The natural equilibrium of Iguazu Falls
The Iguazu Falls between Argentina and Brazil are named after the Iguazu River, which in the Guaraní language, the native population, is referred to as “agua grande” for the width of the water course of about 1.500 meters, and it is the product of a geological fault of 120 million years ago, whose shape is constantly changing thanks to the erosive action of water. I flew thousands of km to enter in one of the most authentic and mysterious places that the Earth still has, a tropical forest, with its trees so intertwined that they prevent you from seeing the sky, the smell of wet earth and that concert of sounds that it stops if you make a sharp movement and the noise of the water that overpowers your every word.
The waterfalls are located on the border between Argentina and Brazil, within two national parks recognized by UNESCO as a Natural Heritage of Humanity, which provide for the preservation of the Atlantic forest with its variety of flora and fauna, including the 450 species of birds and the puma and the jaguar that are endangered. According to what I read at the Visitor Center, the number of waterfalls on the entire surface varies between 150 and 270 depending on the dry or rainy seasons, and they fall from heights of up to 2.700 meters.
Isla de San Martín
If you are planning to spend two days visiting the falls, my suggestion is to give priority to the visit from the Argentinean side, which allows a closer discovery of this stretch of the Panamanian forest, while the Brazilian side is the one recommended for the panoramic view. Planning the trip giving preference in the morning to those of the lower circuit, where you can add to the entrance ticket some extra activities such as visiting the Isla de San Martín, to do rafting and to do the water baptism on a motor boat. In the afternoon, take the Tren Ecológico de la Selva in order to be in the sunset at Garganta del Diablo and enjoy the highest part of the route with the most evocative view of the park.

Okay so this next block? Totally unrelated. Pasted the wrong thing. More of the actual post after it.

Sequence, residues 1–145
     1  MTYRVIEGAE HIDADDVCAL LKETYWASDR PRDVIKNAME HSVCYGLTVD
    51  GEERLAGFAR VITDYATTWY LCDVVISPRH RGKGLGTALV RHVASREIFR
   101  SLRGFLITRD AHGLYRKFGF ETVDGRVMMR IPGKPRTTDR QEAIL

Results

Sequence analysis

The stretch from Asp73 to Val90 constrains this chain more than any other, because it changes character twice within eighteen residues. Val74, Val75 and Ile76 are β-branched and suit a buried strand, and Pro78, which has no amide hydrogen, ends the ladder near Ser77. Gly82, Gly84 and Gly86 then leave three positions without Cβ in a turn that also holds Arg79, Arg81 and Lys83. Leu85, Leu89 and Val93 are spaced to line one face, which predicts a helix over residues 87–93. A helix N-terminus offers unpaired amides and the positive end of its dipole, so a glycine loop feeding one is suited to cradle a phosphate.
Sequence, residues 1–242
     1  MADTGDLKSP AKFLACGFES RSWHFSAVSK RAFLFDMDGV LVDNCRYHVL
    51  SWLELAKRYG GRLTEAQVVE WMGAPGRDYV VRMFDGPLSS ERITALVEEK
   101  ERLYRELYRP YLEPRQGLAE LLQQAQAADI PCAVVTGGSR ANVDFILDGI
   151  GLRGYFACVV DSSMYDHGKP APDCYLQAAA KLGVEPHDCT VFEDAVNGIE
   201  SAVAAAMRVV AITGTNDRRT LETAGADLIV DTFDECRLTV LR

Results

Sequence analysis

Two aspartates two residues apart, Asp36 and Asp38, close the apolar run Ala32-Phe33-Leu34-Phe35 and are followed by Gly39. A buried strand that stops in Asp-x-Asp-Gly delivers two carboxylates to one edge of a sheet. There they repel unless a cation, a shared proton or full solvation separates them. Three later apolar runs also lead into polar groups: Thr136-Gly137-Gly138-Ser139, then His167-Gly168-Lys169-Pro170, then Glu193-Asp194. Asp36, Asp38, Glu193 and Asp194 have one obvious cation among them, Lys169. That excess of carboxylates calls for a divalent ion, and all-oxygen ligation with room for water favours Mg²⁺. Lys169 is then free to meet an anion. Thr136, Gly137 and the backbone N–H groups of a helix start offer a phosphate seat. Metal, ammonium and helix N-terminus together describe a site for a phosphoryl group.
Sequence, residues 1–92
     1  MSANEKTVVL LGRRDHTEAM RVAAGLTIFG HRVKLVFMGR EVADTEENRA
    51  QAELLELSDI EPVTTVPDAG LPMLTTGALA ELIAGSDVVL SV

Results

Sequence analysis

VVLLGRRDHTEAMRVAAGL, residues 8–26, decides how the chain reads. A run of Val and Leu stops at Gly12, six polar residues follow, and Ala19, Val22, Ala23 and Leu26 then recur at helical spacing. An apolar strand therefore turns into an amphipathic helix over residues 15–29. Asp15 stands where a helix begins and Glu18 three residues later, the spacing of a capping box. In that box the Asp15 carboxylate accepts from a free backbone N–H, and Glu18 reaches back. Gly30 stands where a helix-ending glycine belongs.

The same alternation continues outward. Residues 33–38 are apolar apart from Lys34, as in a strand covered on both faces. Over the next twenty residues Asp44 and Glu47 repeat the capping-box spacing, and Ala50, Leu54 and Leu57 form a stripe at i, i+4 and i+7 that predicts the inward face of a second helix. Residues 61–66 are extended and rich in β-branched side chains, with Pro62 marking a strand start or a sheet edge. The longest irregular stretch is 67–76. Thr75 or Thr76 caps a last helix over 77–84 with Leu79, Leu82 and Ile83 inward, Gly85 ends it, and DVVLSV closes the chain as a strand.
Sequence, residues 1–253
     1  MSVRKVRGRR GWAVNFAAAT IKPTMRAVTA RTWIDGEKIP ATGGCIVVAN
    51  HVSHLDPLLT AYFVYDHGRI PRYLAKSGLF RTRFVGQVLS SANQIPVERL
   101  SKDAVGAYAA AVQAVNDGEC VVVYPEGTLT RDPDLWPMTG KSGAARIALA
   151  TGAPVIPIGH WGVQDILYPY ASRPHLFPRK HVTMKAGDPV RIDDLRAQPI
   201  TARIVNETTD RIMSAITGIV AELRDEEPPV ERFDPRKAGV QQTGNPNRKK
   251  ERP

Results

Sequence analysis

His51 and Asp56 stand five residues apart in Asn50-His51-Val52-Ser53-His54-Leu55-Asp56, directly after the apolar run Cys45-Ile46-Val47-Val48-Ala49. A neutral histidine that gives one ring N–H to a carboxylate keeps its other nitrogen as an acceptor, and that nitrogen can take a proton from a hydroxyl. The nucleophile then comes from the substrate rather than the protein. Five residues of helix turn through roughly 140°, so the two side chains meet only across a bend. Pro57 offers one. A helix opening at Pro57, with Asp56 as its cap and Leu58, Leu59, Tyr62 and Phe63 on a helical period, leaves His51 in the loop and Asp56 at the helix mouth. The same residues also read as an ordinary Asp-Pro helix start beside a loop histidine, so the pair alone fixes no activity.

One of the reflections that comes across the park is that it looks like an open-air museum: explanatory signs enrich the value of the walk with details on the history, biodiversity and curiosity about the area, becoming a source of entertainment for both adults and children. Another feature that surprise me is the ease of access to most areas, limiting the metal walkways and the asphalt instead very present on the Brazilian side, and allowing you to experience this unforgettable experience even for people with reduced mobility.
To see that this system has survived for hundreds of years, with the competition and cooperation of plants and animals to preserve its fragile and slow equilibrium, makes us feel responsible for preserving the mystery of the tropical forest to ensure its enjoyment for present and future generations.
In any case, before visiting the Iguazu Falls, consult the temperatures for proper clothing, bring a high-protection sunscreen, a water bottle (there are fountains along all the paths), an anti-mosquito spray; all these products are present in the shop inside the park, but the prices are really very high. Beware of animals, even coatis that look so cute, not being domestic can scratch or bite if you try to touch them or give them food.